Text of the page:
In May and June of this year, Alisa ToneyÂ took her19-month old daughter, Camille, to the urgent care facility for unplanned visits because she had recurrent ear infections. Each visit cost $100. Ordinarily, these unforeseen visits would have placed a strain on her household budget. However, with the Flexible Spending Account (FSA) that she signed up for under Cigna with her employer, Spelman College, she was able to pay for Camille’s visits with a prepaid PayFlex MasterCard, which had a $1,000 limit she selected.
“I love the flexible spending account because of the ease it allows me to manage my budget for healthcare costs and its pre-tax benefits,â€ says Toney, 42, who is married and also has an older child, Thomas, 8.
Toney joins millions of Americans who are taking advantage of creative ways to cut huge healthcare costs. According to the National Coalition on Health Care, employee contributions have increased more than 120% since 2000, while out of pocket expenses rose 115%. Consumers themselves can control their expenses to a certain extent. There are several options for saving money on healthcare while getting the proper treatment needed.
Do your homework during initial or open enrollment. “Conducting the proper research before selecting benefits cannot only save money, but ensure your family’s needs are properly met,â€ says Matt Tassey, past chairman of Life and Health Insurance Foundation of Education (LIFE).Â Ask providers if they offer preventive care with no co-pays or before the deductible is reached.Â What incentives do they offer for nonsmoking or physically fit individuals?Â Ask employers about offers of lower deductions or various credits. Compare the premium, co-payments, out-of-pocket cost, deductibles, and lifetime or annual caps. Consider non-traditional care such as walk-in clinics at your local pharmacy or urgent care clinics.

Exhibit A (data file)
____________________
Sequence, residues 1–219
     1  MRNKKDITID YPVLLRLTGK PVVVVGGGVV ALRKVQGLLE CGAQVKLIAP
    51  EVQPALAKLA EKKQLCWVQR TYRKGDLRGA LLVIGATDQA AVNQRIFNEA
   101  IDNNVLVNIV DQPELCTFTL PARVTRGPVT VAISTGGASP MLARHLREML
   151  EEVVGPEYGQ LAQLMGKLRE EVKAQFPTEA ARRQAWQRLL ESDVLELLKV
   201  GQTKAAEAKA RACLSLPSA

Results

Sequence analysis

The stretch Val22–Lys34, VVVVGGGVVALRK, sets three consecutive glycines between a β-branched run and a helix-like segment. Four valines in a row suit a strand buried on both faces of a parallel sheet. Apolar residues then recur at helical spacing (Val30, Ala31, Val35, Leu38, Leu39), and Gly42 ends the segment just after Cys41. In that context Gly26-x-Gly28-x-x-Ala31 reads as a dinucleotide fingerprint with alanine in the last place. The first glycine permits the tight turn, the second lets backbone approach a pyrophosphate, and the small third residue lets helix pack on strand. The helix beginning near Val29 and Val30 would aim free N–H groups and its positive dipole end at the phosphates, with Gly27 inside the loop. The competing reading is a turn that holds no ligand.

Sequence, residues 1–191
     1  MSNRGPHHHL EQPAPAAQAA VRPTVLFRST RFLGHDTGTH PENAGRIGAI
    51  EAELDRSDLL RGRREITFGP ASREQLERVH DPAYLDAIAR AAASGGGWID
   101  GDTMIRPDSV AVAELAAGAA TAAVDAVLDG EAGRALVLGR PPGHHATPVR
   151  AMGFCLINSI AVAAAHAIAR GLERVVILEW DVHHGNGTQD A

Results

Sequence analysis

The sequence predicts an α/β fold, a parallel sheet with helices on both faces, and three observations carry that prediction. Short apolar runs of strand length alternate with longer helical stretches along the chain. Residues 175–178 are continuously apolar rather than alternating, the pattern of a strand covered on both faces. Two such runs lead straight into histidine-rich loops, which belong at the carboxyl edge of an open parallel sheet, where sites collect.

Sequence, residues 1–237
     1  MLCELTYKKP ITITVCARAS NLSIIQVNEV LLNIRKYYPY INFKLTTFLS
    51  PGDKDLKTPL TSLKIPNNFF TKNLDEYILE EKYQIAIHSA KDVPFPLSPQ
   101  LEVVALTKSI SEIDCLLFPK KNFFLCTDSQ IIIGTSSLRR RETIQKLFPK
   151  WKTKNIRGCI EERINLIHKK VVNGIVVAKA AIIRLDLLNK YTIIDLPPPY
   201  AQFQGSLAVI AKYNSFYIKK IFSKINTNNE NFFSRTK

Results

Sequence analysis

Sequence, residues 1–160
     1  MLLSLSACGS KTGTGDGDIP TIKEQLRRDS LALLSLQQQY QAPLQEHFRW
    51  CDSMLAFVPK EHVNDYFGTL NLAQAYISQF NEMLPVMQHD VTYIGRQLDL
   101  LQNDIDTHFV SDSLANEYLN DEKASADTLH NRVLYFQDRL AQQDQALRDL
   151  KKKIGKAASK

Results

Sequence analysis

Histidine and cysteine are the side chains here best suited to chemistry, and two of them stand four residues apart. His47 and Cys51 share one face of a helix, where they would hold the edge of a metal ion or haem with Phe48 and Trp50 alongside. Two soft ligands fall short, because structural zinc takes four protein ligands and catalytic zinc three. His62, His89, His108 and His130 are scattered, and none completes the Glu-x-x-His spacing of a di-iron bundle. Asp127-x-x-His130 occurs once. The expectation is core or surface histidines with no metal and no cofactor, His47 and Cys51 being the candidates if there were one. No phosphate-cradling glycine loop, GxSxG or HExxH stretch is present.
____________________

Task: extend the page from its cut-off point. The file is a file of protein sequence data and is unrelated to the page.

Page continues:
Ask your accountant or tax advisor about tax breaks. “Individuals can write off as an itemized deduction all medical costs after they reach 7.5% of their adjusted gross income.Â For small businesses, all health insurance premiums are deductible.Â If you are an S Corporation, your medical premiums can be deducted at 100% for you, your spouse and dependents,â€ says Matthew Ware, an accountant and CEO of Ware’s Padgett Business Services.Â Itemized deductions can include medical and dental care, prescriptions, acupuncture, drug addition, weight loss program, false teeth, laser eye surgery, hearing aids, and meals and lodging with hospitalization.Â For additional approved deductions, see IRS publication 502.